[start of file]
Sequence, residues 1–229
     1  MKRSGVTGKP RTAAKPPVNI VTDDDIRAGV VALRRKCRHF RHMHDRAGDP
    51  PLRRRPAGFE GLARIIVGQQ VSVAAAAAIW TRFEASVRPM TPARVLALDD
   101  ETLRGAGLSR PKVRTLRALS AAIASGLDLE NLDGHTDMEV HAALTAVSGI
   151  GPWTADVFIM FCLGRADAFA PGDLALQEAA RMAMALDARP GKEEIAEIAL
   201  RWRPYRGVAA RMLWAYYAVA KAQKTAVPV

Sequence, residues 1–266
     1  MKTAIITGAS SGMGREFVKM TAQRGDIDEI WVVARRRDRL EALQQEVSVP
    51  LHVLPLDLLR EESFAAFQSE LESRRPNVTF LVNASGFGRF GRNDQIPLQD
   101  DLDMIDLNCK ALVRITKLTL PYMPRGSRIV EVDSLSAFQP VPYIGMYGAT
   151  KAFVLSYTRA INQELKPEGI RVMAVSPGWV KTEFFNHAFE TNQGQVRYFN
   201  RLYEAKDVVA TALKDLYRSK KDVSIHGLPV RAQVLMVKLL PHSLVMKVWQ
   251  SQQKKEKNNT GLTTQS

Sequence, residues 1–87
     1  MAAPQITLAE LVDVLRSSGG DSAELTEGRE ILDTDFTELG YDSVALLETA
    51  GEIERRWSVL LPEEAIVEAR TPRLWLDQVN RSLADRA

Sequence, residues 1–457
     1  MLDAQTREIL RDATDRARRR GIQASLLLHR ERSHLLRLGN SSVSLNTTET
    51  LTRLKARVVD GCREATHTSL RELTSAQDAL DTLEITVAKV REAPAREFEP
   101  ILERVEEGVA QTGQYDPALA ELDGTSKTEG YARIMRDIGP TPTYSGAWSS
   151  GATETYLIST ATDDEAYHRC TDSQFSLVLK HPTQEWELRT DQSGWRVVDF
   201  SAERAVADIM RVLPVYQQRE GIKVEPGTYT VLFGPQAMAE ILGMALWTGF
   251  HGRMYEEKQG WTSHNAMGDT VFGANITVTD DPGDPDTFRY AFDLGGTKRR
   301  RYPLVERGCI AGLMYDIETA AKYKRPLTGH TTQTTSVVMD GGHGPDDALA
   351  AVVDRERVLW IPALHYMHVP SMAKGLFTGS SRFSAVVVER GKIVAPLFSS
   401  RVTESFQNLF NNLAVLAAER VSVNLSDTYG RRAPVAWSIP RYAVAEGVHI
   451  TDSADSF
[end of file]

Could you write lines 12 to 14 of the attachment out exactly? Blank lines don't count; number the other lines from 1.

   201  RLYEAKDVVA TALKDLYRSK KDVSIHGLPV RAQVLMVKLL PHSLVMKVWQ
   251  SQQKKEKNNT GLTTQS

Sequence, residues 1–87